Ignore the rhetoric that the British government would never change policy because of a terrorist attack - of course it would, if there was a coherent policy to be had. Ignore the declarations that we don't try to understand the motives of terrorists - the Foreign Office, Home Office and secret services have researchers whose job is to do just that.
But, setting aside the issue of bowing to terrorism, Britain has little room for manoeuvre in foreign policy. Defined by its closeness to the US, it has a position rather than a policy; the damage is already done.
It is axiomatic that there can be no negotiations with Osama Bin Laden and Ayman al-Zawahiri, who want a new caliphate to replace the western world. The issue is what policies would help dissuade young Muslims such as those who planted the London bombs from joining jihadist groups. The radicalisation of European Muslims is an important part of al-Qaeda's strategy. "Europe is the primary battleground on which the future of global Islam will be decided," says the French expert on political Islam, Gilles Kepel.
Britain has now joined the countries producing suicide bombers. To some extent, this fits a pattern observed by Professor Robert Pape at the University of Chicago, who has shown that most come from countries deemed friendly to the west - such as Egypt, Indonesia, Morocco, Pakistan, Saudi Arabia and Turkey - not "rogue states" condemned by the US as sponsors of terror. President Bush's reiteration that "we must take the fight to the enemy" is rendered meaningless. The priority now is to work with Muslim groups at home, but Europe also needs civil society groups and others to seek an alternative ideology and future for angry young Muslims. The US says that it is trying to promote democracy in the Middle East, but any organisation's credibility will be tainted by US funding, because America is so hated. Time for Europe to step in.
Pakistan is the most potent source of extreme ideology. General Pervez Musharraf has on the one hand tried to rein in extremists, and on the other is using political Islamists to support his party in parliament. It will not be easy to sort out.
The Joint Intelligence Committee said in February 2003 that the threat from al-Qaeda "would be heightened by military action in Iraq". Not that there wasn't a threat earlier - but the invasion of Iraq exacerbated anger, especially among Sunnis. The British government was hoping to reduce military strength in Iraq and increase numbers in Afghanistan, where the UK will lead the international force. Altering the timetable would make no difference to terrorists who oppose the UK presence in both countries. Indeed, if Britain suddenly pulled out, the chances of civil war would increase, potentially destabilising the whole region and creating more al-Qaeda recruits.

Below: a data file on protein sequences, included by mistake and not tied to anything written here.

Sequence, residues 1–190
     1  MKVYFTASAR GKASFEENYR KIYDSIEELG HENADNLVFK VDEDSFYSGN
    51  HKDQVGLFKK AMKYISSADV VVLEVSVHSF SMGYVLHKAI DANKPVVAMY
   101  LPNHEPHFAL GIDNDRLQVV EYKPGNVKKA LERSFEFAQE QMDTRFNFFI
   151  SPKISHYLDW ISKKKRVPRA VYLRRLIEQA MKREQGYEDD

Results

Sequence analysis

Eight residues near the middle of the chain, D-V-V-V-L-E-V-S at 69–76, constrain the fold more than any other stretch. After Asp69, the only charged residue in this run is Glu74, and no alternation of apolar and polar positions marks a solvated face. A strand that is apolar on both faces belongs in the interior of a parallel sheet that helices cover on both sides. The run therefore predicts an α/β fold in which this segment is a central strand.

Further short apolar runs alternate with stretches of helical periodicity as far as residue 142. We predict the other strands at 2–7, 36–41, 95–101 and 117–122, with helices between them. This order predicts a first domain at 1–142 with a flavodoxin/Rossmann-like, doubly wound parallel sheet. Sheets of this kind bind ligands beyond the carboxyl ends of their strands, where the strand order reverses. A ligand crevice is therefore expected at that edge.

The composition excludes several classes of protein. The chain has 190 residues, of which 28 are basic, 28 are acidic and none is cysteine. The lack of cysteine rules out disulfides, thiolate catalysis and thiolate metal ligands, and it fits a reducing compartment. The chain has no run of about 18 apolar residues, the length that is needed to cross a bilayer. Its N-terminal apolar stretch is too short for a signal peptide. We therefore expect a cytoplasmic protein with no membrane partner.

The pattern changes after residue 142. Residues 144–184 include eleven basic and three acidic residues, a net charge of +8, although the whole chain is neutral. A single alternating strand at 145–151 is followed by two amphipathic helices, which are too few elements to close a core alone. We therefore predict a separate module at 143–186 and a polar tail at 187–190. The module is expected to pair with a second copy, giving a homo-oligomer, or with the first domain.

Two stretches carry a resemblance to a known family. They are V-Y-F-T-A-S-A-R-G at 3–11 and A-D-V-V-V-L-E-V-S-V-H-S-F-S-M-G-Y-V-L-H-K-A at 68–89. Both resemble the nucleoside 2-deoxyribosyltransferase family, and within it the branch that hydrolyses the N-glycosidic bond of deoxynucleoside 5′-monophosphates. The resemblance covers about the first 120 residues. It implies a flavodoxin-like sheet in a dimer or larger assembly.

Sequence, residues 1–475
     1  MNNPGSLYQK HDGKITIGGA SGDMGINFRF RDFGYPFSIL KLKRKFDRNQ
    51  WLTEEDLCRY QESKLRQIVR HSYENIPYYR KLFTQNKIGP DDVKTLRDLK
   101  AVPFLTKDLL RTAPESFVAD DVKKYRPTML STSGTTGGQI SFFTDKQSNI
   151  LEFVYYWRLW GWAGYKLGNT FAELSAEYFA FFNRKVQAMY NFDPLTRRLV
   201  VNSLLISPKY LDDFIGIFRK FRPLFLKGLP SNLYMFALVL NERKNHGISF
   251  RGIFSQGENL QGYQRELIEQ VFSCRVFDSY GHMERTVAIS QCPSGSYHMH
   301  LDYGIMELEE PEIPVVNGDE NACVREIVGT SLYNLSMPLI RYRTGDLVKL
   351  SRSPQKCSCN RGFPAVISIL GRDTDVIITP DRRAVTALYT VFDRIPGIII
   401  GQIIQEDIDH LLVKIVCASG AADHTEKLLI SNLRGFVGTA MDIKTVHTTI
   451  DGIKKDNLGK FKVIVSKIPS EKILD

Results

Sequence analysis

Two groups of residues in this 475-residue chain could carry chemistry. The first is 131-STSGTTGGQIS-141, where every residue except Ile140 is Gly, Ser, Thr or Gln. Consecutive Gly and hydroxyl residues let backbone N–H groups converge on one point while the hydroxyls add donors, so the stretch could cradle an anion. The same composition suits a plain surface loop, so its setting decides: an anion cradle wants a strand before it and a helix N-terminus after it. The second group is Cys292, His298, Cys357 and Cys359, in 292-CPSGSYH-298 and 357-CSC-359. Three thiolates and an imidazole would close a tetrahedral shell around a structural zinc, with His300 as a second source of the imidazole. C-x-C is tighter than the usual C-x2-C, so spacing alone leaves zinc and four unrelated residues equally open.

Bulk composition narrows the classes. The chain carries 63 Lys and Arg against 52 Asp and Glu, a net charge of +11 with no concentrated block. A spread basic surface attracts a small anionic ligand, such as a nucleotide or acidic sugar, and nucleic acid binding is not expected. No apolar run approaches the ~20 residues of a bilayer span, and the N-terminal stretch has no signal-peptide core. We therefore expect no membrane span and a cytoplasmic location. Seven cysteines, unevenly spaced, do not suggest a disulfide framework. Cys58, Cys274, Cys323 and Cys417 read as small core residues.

Noting that "events that happen far away, in Khartoum or Kandahar, affect us directly", the writer Timothy Garton Ash concludes from the London bombings that "there is no such thing as foreign policy any more". The reverse is also true - events that happen at home reverberate abroad. When I rang an Iraqi friend who had recently been kidnapped for six days, he was equally anxious about me, because he had seen pictures of the London bombings on TV.
If Muslims in Britain are seen as oppressed or victimised, that message will go around the world in an instant.
The banlieues of French cities are full of resentful, underprivileged young men of Algerian and Moroccan descent, ripe to be radicalised: that France did not participate in the Iraq war does not make it immune. Yet, at a critical moment last year, France's Muslims sacrificed a cause to save the lives of two French journalists kidnapped in Iraq. The men who seized Georges Malbrunot and Christian Chesnot said they would kill them if France went ahead with a ban on girls wearing headscarves in school.
French Muslims came out on to the streets to protest against the demand. When he came to London, Malbrunot told how one of his kidnappers had come into the room where they were being held, amazed at what he had just seen on TV. "He said, 'These Muslims in France, they're demonstrating for you.' He was very impressed." Chesnot and Malbrunot believe that dialogue between French Muslims and the government was instrumental in their release. That is why attitudes at home will be so important.
There is one foreign-policy shift that would help. Britain could distance itself a little more from the US over Israel. Not because it would make a material difference - only America has real power in the Middle East. Certainly not to appease Bin Laden, nor even because Palestine is a rallying cry for jihadis in Britain and abroad, but simply because it is a legitimate grievance, a wrong that must, eventually, be put right.
Lindsey Hilsum is international editor of Channel 4 News